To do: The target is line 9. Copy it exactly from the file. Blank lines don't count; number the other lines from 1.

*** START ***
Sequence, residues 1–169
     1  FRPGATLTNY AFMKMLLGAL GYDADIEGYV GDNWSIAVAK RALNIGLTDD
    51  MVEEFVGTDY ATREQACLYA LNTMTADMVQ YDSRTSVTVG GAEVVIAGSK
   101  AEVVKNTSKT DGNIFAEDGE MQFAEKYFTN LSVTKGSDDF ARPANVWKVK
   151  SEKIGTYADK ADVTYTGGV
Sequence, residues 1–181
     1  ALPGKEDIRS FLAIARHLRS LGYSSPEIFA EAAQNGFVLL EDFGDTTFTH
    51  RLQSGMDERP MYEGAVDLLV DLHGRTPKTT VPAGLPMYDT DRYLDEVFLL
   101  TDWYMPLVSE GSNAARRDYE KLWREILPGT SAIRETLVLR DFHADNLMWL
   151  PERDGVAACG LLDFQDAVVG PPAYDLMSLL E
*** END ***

   101  TDWYMPLVSE GSNAARRDYE KLWREILPGT SAIRETLVLR DFHADNLMWL